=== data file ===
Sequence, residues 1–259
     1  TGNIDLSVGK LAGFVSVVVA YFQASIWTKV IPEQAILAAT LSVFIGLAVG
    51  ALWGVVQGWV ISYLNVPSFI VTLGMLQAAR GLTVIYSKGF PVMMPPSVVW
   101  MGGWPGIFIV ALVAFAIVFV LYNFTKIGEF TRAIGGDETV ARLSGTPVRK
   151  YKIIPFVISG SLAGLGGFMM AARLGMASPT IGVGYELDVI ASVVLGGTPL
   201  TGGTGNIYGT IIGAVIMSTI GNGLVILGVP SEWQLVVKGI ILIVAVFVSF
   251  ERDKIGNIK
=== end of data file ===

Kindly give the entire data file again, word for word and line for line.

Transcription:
Sequence, residues 1–259
     1  TGNIDLSVGK LAGFVSVVVA YFQASIWTKV IPEQAILAAT LSVFIGLAVG
    51  ALWGVVQGWV ISYLNVPSFI VTLGMLQAAR GLTVIYSKGF PVMMPPSVVW
   101  MGGWPGIFIV ALVAFAIVFV LYNFTKIGEF TRAIGGDETV ARLSGTPVRK
   151  YKIIPFVISG SLAGLGGFMM AARLGMASPT IGVGYELDVI ASVVLGGTPL
   201  TGGTGNIYGT IIGAVIMSTI GNGLVILGVP SEWQLVVKGI ILIVAVFVSF
   251  ERDKIGNIK